National Reconciliation Week at Rise
Rise’s marked National Reconciliation Week with music, dancing and discussions that connected the community with Aboriginal history and culture. Listening to the Elders and hearing their stories gives us the opportunity to learn about our shared histories and consider how we can contribute to a unified future.
The Moorditj Mob from Wesley College shared their culture at Yirra Mia and our Arts Hub.
Owning your History
We also aired the powerful film by young Noongar dancer, Brianne Yarran. Brianne is the daughter of Rise’s Moorditj Mia Program Coordinator, Sherri. Her film includes the Moorditj Mia Elders group.
The film shares Brianne’s journey to create a solo dance routine that tells her Nannas’ Stolen Generation story.
Brianne has always known that her three Nannas were part of the Stolen Generations but she never truly understood what this meant and how it impacted on their lives. To do their story justice and to create a powerful dance piece, she must go on a difficult journey to learn the truth of their experience.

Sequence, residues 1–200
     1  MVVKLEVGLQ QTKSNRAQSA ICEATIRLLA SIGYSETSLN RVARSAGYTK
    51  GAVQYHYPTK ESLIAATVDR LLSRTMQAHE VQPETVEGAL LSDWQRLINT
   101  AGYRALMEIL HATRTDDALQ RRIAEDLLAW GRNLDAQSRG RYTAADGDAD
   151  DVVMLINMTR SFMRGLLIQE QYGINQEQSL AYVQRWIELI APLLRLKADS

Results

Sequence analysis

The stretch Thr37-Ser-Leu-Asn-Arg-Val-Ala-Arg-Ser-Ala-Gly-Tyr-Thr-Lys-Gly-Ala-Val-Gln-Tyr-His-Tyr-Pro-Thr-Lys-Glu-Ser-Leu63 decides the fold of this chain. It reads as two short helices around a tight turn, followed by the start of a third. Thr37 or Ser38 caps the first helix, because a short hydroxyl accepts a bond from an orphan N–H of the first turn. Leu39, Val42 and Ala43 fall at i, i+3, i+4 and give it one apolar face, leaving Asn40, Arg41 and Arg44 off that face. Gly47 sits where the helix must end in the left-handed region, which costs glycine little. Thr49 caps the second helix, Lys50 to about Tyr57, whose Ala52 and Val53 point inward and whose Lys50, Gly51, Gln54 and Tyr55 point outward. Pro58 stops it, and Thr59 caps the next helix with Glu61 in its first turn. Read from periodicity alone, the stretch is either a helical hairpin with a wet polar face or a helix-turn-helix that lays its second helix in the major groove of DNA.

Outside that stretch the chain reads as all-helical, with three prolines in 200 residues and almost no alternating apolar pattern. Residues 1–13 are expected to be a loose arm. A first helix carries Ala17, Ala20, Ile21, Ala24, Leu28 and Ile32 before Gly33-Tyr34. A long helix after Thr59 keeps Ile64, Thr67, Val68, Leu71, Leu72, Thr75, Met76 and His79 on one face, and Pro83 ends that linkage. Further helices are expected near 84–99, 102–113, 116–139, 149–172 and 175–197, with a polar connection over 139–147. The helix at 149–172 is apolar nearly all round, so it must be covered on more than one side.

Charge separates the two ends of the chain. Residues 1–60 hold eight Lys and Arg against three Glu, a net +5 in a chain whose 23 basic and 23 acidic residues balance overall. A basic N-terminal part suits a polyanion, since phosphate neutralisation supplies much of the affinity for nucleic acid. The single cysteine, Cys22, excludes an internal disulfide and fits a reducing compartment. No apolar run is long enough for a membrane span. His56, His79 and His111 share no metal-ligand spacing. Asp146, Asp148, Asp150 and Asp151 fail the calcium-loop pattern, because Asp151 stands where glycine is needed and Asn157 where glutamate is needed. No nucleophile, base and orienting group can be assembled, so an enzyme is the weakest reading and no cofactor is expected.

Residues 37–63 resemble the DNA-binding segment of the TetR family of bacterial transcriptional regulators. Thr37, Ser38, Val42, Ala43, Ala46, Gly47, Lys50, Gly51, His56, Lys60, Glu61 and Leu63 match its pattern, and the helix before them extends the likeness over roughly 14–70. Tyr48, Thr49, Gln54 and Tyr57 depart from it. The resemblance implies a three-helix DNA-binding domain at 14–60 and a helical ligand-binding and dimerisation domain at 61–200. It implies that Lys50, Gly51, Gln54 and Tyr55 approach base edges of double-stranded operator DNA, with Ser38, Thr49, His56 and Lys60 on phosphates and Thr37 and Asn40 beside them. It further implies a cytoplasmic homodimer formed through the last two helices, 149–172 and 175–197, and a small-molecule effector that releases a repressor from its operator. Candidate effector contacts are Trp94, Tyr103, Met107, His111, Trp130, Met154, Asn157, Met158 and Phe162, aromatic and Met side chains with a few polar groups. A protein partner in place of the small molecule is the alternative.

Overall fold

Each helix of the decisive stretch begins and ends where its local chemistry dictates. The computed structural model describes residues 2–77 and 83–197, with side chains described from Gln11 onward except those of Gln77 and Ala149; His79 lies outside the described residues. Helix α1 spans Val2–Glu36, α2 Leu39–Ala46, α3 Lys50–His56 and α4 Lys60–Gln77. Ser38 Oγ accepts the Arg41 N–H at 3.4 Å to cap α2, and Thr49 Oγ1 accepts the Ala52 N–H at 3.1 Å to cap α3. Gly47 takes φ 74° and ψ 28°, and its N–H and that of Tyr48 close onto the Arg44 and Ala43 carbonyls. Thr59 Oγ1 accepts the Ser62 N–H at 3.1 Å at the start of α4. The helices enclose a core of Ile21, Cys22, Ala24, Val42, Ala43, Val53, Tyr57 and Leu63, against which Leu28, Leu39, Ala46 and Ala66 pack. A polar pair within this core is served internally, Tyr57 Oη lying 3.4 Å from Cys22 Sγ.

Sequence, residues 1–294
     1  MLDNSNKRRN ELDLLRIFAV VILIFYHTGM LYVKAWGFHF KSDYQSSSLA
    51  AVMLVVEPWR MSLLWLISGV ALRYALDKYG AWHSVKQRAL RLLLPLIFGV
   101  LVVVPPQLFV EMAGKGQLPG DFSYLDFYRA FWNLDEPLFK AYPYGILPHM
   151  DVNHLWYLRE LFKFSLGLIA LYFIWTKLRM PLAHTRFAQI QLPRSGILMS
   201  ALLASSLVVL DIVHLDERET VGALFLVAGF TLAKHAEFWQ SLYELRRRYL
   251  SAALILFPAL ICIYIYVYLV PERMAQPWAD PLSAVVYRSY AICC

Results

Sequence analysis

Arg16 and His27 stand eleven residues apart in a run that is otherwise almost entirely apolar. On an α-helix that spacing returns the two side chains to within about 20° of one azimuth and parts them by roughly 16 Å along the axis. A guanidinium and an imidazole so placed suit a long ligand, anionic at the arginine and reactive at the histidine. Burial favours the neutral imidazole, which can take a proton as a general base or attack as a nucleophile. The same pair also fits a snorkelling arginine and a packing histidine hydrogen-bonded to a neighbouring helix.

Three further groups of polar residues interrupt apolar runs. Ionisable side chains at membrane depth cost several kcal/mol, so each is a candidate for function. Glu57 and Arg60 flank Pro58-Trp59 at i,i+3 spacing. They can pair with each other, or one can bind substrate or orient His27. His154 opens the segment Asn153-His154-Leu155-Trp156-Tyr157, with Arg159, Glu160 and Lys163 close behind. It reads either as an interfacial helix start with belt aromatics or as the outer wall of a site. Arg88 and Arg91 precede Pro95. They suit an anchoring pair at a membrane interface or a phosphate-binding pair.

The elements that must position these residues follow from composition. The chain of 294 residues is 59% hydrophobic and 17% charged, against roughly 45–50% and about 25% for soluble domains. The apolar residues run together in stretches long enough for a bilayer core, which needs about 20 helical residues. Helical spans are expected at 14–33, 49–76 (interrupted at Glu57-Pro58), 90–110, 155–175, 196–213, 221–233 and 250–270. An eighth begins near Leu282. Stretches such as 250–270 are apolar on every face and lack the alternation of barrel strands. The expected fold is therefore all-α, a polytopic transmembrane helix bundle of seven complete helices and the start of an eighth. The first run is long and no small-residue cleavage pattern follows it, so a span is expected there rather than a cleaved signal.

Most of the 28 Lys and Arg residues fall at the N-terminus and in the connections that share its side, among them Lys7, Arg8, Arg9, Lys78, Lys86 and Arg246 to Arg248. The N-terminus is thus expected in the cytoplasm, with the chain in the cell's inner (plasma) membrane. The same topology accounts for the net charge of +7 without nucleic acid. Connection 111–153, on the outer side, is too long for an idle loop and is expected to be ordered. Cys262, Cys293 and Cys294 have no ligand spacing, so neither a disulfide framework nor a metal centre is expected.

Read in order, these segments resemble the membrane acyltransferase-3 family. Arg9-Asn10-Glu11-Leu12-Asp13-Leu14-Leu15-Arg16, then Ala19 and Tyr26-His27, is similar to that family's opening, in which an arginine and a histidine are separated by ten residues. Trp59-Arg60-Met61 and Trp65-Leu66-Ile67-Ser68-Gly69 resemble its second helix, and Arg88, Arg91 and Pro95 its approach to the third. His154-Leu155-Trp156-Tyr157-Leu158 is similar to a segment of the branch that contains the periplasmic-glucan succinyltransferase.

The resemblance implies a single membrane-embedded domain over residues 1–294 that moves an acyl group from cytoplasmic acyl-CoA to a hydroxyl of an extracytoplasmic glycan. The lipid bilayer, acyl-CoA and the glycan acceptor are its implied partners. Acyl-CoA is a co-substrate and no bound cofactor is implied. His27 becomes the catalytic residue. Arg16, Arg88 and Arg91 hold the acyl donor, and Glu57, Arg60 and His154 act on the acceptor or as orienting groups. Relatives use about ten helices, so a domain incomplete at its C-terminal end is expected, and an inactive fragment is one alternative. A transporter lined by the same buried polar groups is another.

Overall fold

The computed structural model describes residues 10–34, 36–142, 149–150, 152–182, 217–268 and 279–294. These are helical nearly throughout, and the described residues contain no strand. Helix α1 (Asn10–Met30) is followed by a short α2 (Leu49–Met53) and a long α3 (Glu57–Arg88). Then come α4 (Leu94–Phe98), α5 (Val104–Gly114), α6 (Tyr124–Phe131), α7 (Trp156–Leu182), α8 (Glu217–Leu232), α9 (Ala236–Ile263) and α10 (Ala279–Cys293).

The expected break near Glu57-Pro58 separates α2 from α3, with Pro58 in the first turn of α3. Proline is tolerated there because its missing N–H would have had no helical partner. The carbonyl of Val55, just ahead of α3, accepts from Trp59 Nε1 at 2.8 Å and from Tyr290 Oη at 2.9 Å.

Brianne introduced her film with a solo dance routine.
Street Banner Project
Rise was a proud sponsor of the street banner project by Department of Local Government, Sport and Cultural Industries
We had Reconciliation Week banners displayed throughout the city.
At Rise, we believe that Reconciliation must live in the hearts, minds and actions of all Australians as we move forward, creating a nation strengthened by respectful relationships between the wider Australian community, and Aboriginal and Torres Strait Islander peoples.